Although the readers’ rep is someone I worked with for a decade or so at the old Examiner, I didn’t really expect an answer. So I was pleasantly surprised to get one just a day after I emailed my note. The germane part of the reply:

“Phil [Bronstein, the Chronicle’s executive vice president and editor] has said to me and to the public (Ronn Owens show) that he’s disposed toward telling whatever he can, but he doesn’t want to compound the mistake by misstating what happened. I think that’s a fair position. I certainly wouldn’t address this until I was darn sure what I was talking about. Like you, I’d like to see this clarified sooner rather than later but I’m wary of a rush to judgment.”

That’s a pretty responsive note, I guess, though I’m bothered by the suggestion that the paper’s position is cast as a matter of how the editor feels about things. Beyond that, two observations: First, it stretches credibility a little that the paper and its editors don’t have a pretty good idea what happened. And second, it’s at least a little ironic to hear a paper that often shoots first and asks questions later plead for restraint in examining its own faux pas.


The Chronicle is out today with a story about The Wrong Picture: The man whose mug was identified as that of San Francisco Police Department serial batterer John Haggett is actually a cab driver and part-time security guard named Jack Neeley. The Chron, proactive as ever, covered a press conference that Neeley’s lawyer called yesterday. Neeley said he’s both perplexed and disturbed at his sudden notoriety. He doesn’t recall the paper taking his picture (the photo credit names a staff photographer and says the image was taken in 2004). He says one friend approached him after the picture ran to ask why Neeley never disclosed that he was an undercover police officer. And, since his image has been identified with a man who has beaten up the locals and subjected them to all the favorite racial and ethnic slurs, Neeley is afraid he’ll wind up the target of some aggrieved citizen.

The Chron dutifully reports all that and mentions a couple times what a swell job it’s doing responding to Neeley’s concerns. But the paper offers no explanation for how the mistake happened. I’m sure there’s a debate going on there right now about what to do. The paper has a “readers’ representative” and he’s probably getting an earful from his audience.

They Regret the Error

The San Francisco Chronicle went to press Sunday with a big front-page series detailing the results of its years-long investigation into use of excessive force by some city police officers (the paper’s online site,, has created a special site for the stories). The paper says it took years to secure thousands of documents using the state’s Public Records Act . “The newspaper used these documents to do something the Police Department has never done,” the Chronicle says. “It created a computerized database capable of providing a profile of the use-of-force patterns of individual officers.” The paper reports it conducted hundreds of interviews with cops, city officials, abuse victims, and experts in police practices.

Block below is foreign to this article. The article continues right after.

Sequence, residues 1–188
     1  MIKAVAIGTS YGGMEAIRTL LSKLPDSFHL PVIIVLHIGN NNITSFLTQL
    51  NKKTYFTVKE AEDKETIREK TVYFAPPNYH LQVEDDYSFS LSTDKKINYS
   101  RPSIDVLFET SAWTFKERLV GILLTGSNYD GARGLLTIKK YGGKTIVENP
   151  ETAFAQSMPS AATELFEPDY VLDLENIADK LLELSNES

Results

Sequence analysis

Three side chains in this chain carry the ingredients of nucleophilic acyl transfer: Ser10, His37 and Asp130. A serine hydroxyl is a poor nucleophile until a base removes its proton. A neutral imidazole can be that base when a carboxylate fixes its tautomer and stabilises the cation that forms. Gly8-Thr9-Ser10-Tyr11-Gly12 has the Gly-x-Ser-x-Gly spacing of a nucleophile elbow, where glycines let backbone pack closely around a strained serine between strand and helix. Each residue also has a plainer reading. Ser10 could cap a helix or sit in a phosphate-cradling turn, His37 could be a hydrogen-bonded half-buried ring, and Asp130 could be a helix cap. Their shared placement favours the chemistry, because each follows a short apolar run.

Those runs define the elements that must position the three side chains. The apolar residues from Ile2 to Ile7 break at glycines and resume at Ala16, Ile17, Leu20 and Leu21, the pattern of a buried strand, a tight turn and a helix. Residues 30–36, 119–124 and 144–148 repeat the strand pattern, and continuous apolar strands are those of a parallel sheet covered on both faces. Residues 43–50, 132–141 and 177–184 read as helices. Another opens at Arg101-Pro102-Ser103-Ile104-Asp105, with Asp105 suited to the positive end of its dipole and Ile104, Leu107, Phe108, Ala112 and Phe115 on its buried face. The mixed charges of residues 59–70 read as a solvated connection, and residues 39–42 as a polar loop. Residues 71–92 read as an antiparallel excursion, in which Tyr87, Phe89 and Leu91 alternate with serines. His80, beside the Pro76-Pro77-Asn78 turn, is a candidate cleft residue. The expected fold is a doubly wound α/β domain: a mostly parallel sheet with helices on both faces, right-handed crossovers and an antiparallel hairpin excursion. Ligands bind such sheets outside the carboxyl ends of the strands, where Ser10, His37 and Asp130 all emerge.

The findings are devastating: The Chron says San Francisco officers rack up more excessive-force complaints than those in Oakland, San Jose, San Diego, and Seattle combined. The Chron stories detail example after harrowing example of officers brutalizing citizens innocuously going about their day-to-day business. The articles suggest that in most cases, attempts to rein in the habitual batterers on the force are ineffectual at best and that some of the worst offenders have gotten promotions and assigned to train rookies.

The stories (today is day three of the series) look like they add up to an excellent piece of public-service journalism. There’s a Pulitzer Prize for that. But the Chron didn’t stop there.

In Sunday’s launch of the series, the paper published a 4,100-word profile of one of the department’s bad actors, a Sergeant John Haggett. Google him, and you’ll find that he’s got the special, if not unique, distinction of having been cited for brutality in a 1998 Human Rights Watch report that relies heavily on reporting by the local papers. The profile recounts Haggett’s history of unprovoked violence against suspects going back to the late 1980s, including shooting and killing an unarmed man after a chase through downtown traffic and two beatings that led to separate three-month suspensions.

Sergeant Haggett sounds like a lovely man, and two of the three reporters with bylines on the Sunday piece should know: Bill Wallace and Susan Sward wrote a 1,500-word piece on him in October 1996. That story is one of the sources for the Human Rights Watch report. Several of the incidents they recounted then were repeated nearly verbatim Sunday, supplemented by several more episodes of Haggett’s ugly behavior and the fair-and-balanced mention of facts that might temper the impression he’s a monster: He won a departmental award for valor in the line of duty and once released a teen hold-up suspect so he could attend his high school graduation.